Man’s obsession with flight has been evident since long before the Wright brothers took their first powered flight in 1903. Since then many different methods have been used to ‘best’ capture the essence of golf courses from the air ranging from Hot air balloons, hanging out of helicopters to cameras strapped to remote control aircraft. Although some of the results have produced stunning imagery they often date quickly and are no ‘practical’ use in the long term to the club or its members.
With the improvements in aerial imagery and in particular unmanned drone technology Course Manager and BIGGA BB&O secretary Matthew Nutter from East Berkshire wanted to investigate how seeing the course from the air using an accurate, up to date aerial picture could help him assist and manage the estate. After researching companies who provide imagery Matthew employed the services of PinPoint Golf a company who specialise in golf course mapping and surveys to carry out the drone flight. The company also supply training on easy to use course management software which allows users to draw on the map, print off sections and measure areas and straight lines on the ground.
The drone flight produced a fully geo referenced ortho image, in basic terms it’s a fully GPS’d map of the golf course and estate. The image is produced typically at a 5cm resolution meaning the detail is incredible and the accuracy of measurement is better than you would ever need. It creates a living course policy document and a record of the golf course as of the day it was flown that can evolve in future years.
“The first thing that impresses you is the clarity of what you are dealing with” said Matthew “Most of us have used existing online maps when we’ve had to but we know that when you scroll in close you lose any detail”
The main key benefits that Matthew was looking to glean from the exercise was to review cutting lines and shapes from the air and to be able to measure areas that had been raising questions from the membership: areas of long fescue rough, distances of carries from tee to fairway, heather plantations and areas ear marked for further heather establishment. The software allows accurate measurements around the tees fairways, greens and bunkers and then creates a spread sheet of the surface areas of all of the key features of the course. This will offer savings by being able to accurately measure to order the correct amount of sand, fertiliser and dressing etc. He can also map sprinkler heads, drainage and irrigation to aid continuity should there ever be a change in personnel.
The image and software can also help settle future disputes from “is the green smaller than it used to be?” to “I’m sure this fairway used to be wider” you’ll always have an answer based on this is how the golf course when it was flown in June 2013
Matthew and the team at East Berkshire had finished a successful course renovation programme when the aerial was taken but any proposed course changes can be helped as the image gives the best possible view of how the hole looks now and the impact of any proposed changes. It also enables areas to be measured for the impact on turf purchase etc.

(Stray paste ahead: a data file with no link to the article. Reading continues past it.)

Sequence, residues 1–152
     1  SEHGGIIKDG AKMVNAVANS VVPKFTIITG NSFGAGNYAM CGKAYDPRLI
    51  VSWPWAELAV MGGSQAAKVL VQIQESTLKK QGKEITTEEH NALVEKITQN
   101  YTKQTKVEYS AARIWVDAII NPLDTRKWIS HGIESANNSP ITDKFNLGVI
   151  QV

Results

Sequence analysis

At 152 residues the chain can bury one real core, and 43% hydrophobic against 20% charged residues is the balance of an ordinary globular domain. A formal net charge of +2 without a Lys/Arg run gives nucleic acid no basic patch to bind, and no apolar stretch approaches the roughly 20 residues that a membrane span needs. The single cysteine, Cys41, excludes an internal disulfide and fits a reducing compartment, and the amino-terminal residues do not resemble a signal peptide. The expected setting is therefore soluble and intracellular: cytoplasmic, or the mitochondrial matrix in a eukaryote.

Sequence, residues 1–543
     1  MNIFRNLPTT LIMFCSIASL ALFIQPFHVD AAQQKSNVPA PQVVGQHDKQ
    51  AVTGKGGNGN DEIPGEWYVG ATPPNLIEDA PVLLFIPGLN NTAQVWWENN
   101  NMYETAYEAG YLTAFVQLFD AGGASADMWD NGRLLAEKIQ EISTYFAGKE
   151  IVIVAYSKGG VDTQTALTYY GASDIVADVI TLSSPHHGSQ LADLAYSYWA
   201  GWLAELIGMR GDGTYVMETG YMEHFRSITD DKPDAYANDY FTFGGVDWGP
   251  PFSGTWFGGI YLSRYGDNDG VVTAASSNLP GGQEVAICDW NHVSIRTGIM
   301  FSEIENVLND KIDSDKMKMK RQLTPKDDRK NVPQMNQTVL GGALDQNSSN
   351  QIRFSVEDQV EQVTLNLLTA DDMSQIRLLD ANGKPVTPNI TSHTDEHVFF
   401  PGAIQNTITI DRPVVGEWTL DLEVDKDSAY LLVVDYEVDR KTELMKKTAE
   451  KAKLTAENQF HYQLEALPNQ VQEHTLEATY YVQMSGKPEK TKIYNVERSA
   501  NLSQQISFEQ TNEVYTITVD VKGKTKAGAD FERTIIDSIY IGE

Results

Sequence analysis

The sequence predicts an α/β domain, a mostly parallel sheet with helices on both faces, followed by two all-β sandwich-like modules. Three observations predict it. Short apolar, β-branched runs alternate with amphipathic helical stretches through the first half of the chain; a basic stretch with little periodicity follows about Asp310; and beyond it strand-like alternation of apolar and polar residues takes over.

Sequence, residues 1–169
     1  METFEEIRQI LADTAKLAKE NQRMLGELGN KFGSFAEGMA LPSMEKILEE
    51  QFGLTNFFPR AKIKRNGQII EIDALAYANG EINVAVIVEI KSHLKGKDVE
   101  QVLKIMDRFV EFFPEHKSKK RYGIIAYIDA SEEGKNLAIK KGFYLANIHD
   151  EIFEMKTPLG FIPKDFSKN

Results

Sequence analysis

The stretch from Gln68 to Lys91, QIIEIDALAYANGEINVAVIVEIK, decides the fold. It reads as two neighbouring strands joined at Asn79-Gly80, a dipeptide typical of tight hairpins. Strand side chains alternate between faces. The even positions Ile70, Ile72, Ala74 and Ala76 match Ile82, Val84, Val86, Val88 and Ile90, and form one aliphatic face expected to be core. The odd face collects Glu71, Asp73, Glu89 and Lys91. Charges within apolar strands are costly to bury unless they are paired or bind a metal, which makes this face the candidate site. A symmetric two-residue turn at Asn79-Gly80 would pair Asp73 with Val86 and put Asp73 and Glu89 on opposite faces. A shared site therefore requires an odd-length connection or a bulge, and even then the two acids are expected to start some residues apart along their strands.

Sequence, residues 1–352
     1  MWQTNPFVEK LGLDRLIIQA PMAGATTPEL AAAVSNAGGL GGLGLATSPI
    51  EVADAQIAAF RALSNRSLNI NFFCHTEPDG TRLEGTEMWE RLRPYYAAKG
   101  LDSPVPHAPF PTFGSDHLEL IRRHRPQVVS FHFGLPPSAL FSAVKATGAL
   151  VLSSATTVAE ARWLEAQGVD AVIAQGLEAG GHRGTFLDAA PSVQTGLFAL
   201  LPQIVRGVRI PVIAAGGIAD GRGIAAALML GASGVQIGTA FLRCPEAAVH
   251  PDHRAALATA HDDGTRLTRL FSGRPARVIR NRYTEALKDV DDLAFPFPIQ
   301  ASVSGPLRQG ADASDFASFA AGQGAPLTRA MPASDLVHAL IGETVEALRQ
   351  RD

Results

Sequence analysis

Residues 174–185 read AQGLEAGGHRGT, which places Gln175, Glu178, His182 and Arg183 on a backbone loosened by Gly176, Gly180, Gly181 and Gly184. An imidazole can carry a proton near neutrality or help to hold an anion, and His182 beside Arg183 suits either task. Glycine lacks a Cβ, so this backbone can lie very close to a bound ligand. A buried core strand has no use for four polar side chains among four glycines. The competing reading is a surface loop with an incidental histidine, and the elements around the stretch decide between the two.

The process really helps you understand what space you have and how best to utilise it from boundary issues to land purchase. An accurate record of your course from the sky is invaluable. This has been particularly useful when making presentations to committee’s and Board members with regard to proposed projects. As Matthew commented “it’s hard to argue with a detailed image showing the exact areas concerned and proposed changes” The software package allows future updated work i.e. drainage, irrigation changes and general ground works to be added to the mapping. This allows a consistent and accurate record of the course and completes the final part of a meaningful Course Policy Document.
So what about the pretty picture? The part that is not directly important to the greens team? Presentation is key – As part of the package provided by Pin Point the golf club are supplied with a picture of the course and estate – whether it be for course maps, to posters for use in the office or green committee meetings to individual hole images for your website, marketing and course guides. It’s a fantastic way of showing off the golf clubs most prized asset. This is an area the club have been keen to utilise and enhance and provided a key selling point to the Board. It means the imagery goes further than just a picture and offers further value to the business.
In summary Matthew added “we finally have a tool that as a course manager I can put to a practical use. If it was just a pretty picture it would be little use to me at all but thanks to the accuracy of the image combined with the ease of use of the software I’m using it all the time. And the more I use it the more useful it becomes for others as a living breathing record of my golf course”
When drones with cameras were invented it wasn’t to benefit the management of golfing estates and to beautify golf courses but for those that have used it in that way and have seen the benefits it certainly has created an incredibly useful by-product.
Golf was first played on the East Berks course in 1903 the same year the Wright brothers took to the sky. Maybe this work was fate!